Obama defends deal with Taliban to free US soldier

President Barack Obama defended a prisoner swap with the Taliban to free an American soldier, saying his “sacred” trust as commander-in-chief outweighed claims he broke the law and set a dangerous precedent.

Obama is facing rising questions about the deal to secure the release of US Army Sergeant Bowe Bergdahl after five years, in return for the transfer of five Taliban prisoners from the “war on terror” prison at Guantanamo Bay.

At a press conference in Poland, Obama was unrepentant, as the White House issued a new legal justification for his action.

“The United States has always had a pretty sacred rule. That is we don’t leave our men or women in uniform behind,” Obama said.

“We saw an opportunity, we were concerned about Sergeant Bergdahl’s health… and we seized that opportunity,” Obama said.

Initial euphoria in Washington about Bergdahl’s release has degenerated into a mounting political row, shaped by consistent Republican claims that Obama is a naive leader and a liability as commander-in-chief.

It has also revived a showdown over Obama’s still unfulfilled vow to close down Guantanamo Bay — which has repeatedly been blocked by Congress.

The president’s decision to sign off on the swap has also been criticized because of reports that Bergdahl deserted his post in Afghanistan nearly five years ago.

Obama said Bergdahl’s state of health had not yet permitted an interrogation about his capture — but said the mystery of his disappearance didn’t change his own basic obligation as commander-in-chief.

“We still get an American soldier back if he is held in captivity. Period. Full stop. We don’t condition that.”

Lawmakers have complained that they were not given the 30 days notice required by law ahead of prisoners being transferred out of the war on terror camp at Guantanamo Bay, Cuba.

“The process was truncated because we wanted to make sure that we did not miss that window,” Obama said.

But he added that his administration had been talking with Congress “for quite some time” about the idea that a prisoner swap may be required to win Bergdahl’s release.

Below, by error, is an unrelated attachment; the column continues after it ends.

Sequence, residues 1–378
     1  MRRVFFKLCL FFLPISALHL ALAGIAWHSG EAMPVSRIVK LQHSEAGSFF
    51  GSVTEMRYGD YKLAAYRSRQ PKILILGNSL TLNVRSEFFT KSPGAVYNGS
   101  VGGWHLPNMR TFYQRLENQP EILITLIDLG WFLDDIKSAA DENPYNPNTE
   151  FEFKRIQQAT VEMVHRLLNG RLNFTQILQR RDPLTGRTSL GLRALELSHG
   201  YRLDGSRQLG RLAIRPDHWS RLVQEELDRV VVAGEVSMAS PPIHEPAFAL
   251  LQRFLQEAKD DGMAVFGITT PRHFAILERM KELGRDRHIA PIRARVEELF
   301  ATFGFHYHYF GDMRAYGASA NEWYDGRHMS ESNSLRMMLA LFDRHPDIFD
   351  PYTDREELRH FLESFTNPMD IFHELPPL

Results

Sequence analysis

On Tuesday it was announced that the White House had apologised for keeping lawmakers in the dark regarding the swap.

Amid growing concern among Republicans and Democrats, Senate Intelligence Committee chair Diane Feinstein voiced her disappointment at not having been told about the deal in advance.

She said National Deputy Security Advisor Tony Blinken had called her Monday night.

“He apologized for it and said it was an oversight,” Feinstein said, according to National Journal.

Bergdahl — the only US soldier held by the Taliban after being captured in Afghanistan — was freed on Saturday in a dramatic deal brokered by Qatar.

In exchange, five Taliban prisoners were turned over to the Arab emirate where they will remain for a year.

But some Republicans warned they could return to the battlefield and pose a threat to Americans abroad.

Senator John McCain said he was worried Washington gave up “war criminals” in exchange for Bergdahl.

Robert Menendez, Democratic chair of the Senate Foreign Relations Committee said he was “concerned about who was given in exchange and I am concerned about what precedents we set here for exchanges”.

Obama said Qatar had set up a process to monitor the released Islamist prisoners and that the United States would be “keeping eyes on them.”

But he admitted it was possible that some of them could return to activity “detrimental” to the United States.

“I would not be doing it if I thought it was contrary to American national security,” Obama said.

“This is what happens at the end of wars. At some point, you try to make sure you get your folks back.”

– ‘Innocent until proven guilty’ –

The Chairman of the Joint Chiefs of Staff, General Martin Dempsey also weighed in on the transfer, saying it was likely the “last, best hope” to free Bergdahl.

“The questions about this particular soldier’s conduct are separate from our effort to recover ANY US service member in enemy captivity,” Dempsey wrote on Facebook.

“As for the circumstances of his capture, when he is able to provide them, we’ll learn the facts. Like any American, he is innocent until proven guilty.”

Dempsey also warned that the Army would not shirk from misconduct charges against Bergdahl, if merited.

Obama’s National Security Council defended the legal justification for the swap.

NSC spokeswoman Caitlin Hayden said Defence Secretary Chuck Hagel had used his power under US law to transfer prisoners from Guantanamo after ruling that doing so would enhance US national security.

Hagel also determined that offering the full 30-day notice to Congress “could endanger the soldier’s life,” she said.

Bergdahl’s almost five years in captivity saw him transferred between various militant factions along the volatile Afghanistan-Pakistan border.

He is now being treated at a US military facility in Germany.


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